Getty Images-Connect-API-Hackathon

Leveraging our Connect API? Oh the things you can do!!!

May 17, 2012 | By Karthik Srinivasan | By Devs, For Devs, Technology

Editor’s note: The TechCrunch ‘Disrupt NY’ Hackathon is set for May 19-20, and we’re thrilled to have our developers on site to facilitate. Equally thrilling, Disrupt participants will be able to use our API in their hacks, and we can’t wait to see what they come up with. Until then, here are a few insights from Getty Images Software Engineer Karthik Srinivasan, whose team won an internal Hackathon we held recently in our Getty Images offices.

Anne-Hathaway-Ethan-Miller-Getty-Images-109701608

Actress Anne Hathaway arrives at the 83rd Annual Academy Awards at the Kodak Theatre February 27, 2011 in Hollywood, California. (Photo by Ethan Miller/Getty Images)

 

With the recent release of the Connect API,  Getty Images decided to have its own internal Hackathon amongst various internal teams at Getty Images.  What better way to show people the power of an API than to eat your own dog food!

Overall, 17 teams submitted entries.  The winning team, my team, submitted a project called Headhunter.  The concept behind it was to be able to search images using the Connect API and to sort/filter those images by composition values, such as face only, half-body length, full-body length, facing camera, angled face, side view, single shot, multi person shot, etc…. in an effort to find the best images of some popular celebrities people would be interested in.  I’d like to explain further how my team was able to build this project leveraging technology form both the Connect API as well as the Face.com API.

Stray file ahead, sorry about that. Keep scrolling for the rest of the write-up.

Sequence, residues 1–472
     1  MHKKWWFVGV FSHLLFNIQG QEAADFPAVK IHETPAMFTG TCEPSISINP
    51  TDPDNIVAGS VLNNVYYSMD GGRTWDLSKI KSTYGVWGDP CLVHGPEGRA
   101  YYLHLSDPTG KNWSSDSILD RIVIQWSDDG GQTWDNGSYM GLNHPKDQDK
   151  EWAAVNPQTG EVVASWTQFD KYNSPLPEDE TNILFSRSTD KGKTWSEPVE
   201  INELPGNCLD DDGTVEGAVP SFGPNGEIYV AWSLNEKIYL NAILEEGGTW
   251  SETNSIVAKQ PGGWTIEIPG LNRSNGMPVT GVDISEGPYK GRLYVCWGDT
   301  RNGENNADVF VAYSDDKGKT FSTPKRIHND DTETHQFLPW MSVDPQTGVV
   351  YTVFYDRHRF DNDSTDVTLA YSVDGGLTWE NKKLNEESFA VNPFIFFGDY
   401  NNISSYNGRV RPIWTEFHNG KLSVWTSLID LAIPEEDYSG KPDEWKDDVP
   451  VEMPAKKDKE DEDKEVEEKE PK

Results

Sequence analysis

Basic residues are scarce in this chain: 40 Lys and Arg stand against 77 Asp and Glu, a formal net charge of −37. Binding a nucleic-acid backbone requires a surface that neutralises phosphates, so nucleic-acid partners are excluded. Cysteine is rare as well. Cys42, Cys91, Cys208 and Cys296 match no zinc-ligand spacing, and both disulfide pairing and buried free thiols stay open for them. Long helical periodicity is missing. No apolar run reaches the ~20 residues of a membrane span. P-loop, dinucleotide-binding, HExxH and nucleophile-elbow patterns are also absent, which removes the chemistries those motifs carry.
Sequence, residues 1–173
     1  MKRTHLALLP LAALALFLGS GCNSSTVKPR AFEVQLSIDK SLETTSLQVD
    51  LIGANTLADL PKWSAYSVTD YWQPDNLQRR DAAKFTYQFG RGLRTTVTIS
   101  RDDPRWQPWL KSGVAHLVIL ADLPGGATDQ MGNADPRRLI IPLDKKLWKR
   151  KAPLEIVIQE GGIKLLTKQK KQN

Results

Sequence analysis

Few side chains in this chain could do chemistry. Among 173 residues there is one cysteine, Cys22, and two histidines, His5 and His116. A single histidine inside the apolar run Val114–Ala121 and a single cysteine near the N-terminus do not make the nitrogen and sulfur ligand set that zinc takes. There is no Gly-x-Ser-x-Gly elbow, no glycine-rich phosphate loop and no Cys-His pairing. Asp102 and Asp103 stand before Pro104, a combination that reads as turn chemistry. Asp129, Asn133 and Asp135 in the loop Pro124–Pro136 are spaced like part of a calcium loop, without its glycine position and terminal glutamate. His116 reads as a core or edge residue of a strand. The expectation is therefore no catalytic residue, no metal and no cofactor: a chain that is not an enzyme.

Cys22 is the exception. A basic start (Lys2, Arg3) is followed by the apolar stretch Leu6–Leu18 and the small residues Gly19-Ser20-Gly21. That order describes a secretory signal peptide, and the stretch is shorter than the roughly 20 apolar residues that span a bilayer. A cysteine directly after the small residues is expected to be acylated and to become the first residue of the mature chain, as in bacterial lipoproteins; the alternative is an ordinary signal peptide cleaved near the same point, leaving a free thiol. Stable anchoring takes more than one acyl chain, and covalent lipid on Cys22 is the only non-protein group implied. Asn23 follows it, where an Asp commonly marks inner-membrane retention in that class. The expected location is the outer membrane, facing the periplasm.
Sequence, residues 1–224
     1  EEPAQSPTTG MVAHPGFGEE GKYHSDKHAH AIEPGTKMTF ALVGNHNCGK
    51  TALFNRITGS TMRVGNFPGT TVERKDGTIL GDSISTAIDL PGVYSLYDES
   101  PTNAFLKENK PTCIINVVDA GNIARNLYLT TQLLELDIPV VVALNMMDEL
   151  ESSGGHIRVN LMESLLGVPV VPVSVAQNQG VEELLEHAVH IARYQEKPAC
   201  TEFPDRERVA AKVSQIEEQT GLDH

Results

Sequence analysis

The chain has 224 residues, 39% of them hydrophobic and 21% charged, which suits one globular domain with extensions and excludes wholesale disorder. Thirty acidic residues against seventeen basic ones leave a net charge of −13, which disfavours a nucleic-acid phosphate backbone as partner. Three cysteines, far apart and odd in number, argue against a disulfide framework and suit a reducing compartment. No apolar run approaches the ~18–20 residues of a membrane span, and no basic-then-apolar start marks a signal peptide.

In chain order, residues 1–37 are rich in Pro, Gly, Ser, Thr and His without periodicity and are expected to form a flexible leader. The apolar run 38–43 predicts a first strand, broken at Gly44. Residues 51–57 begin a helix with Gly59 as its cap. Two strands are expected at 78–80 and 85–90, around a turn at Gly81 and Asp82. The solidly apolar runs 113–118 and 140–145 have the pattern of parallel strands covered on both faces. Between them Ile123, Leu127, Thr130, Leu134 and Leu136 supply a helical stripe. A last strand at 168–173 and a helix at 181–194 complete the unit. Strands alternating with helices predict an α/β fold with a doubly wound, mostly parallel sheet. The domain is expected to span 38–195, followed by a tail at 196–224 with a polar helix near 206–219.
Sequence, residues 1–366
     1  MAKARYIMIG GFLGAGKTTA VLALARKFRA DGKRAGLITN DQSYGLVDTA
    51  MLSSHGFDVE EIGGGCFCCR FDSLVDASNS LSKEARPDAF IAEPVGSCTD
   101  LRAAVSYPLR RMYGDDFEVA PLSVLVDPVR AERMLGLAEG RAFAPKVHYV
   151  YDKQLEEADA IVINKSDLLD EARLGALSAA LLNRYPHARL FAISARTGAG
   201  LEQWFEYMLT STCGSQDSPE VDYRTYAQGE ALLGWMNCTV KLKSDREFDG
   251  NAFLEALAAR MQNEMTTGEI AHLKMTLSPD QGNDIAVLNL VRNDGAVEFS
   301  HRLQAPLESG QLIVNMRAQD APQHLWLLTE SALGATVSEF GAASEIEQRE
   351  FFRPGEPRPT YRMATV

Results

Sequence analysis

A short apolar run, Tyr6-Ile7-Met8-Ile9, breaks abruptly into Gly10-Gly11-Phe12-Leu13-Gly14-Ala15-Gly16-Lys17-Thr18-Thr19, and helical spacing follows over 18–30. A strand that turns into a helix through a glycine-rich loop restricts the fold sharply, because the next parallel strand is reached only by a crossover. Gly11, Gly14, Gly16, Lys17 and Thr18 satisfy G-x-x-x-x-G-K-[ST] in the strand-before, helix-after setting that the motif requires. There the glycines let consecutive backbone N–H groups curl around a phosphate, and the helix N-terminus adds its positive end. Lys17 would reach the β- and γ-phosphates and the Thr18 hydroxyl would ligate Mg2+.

The following is a high level overview of how the application worked:

 

Search images → face.com → aggregate & store

Connect API provides three primary access points to retrieve and search images and it’s metadata:

  • SearchForImages
  • GetImageDetails
  • GetEvent

More API details at https://api.gettyimages.com/sites/default/files/GettyImagesConnectAPI.pdf

SearchForImages functionality provides us the ability to search by personalities, search phrases, keywords and provide multiple filter options to refine the results. In our case, we are searching by personalities; the following is a code snippet of the search query:

var searchQuery = new SearchForImages2RequestBody();

searchQuery.Query = new Query();

searchQuery.Query.SpecificPersons = new List<string> { “Jennifer Lopez” };

searchQuery.Query.SearchPhrase = “topix”;

searchQuery.ResultOptions = new ResultOptions();

searchQuery.ResultOptions.ItemCount = 5;

 

Note:topix” is a keyword that is used to return back all images that are either top pics or image rank 1.

Other search filters that SearchForImages accepts are as follows:

  • EditorialSegments: news, sports, entertainment, publicity, royalty, archival
  • File Types: eps, jpg
  • GraphicStyles: photography, illustration
  • ImageFamilies: creative, editorial
  • LicensingModels: royaltyfree, rightsmanaged
  • Orientations: horizontal, vertical, panoramichorizontal, panoramicvertical, square
  • ProductOfferings: premiumaccess, editorialsubscription

The SearchForImages access point provides some metadata information but it is limited. To get all metadata information of the image we can extract the imageId’s from the search result, which can then be used as an input for GetImageDetails access point for retrieving full image detail. Similarly, Eventids can be passed onto GetEvent to get event information that the images are associated with. The metadata information from above three calls when merged would provide in-depth information of the image.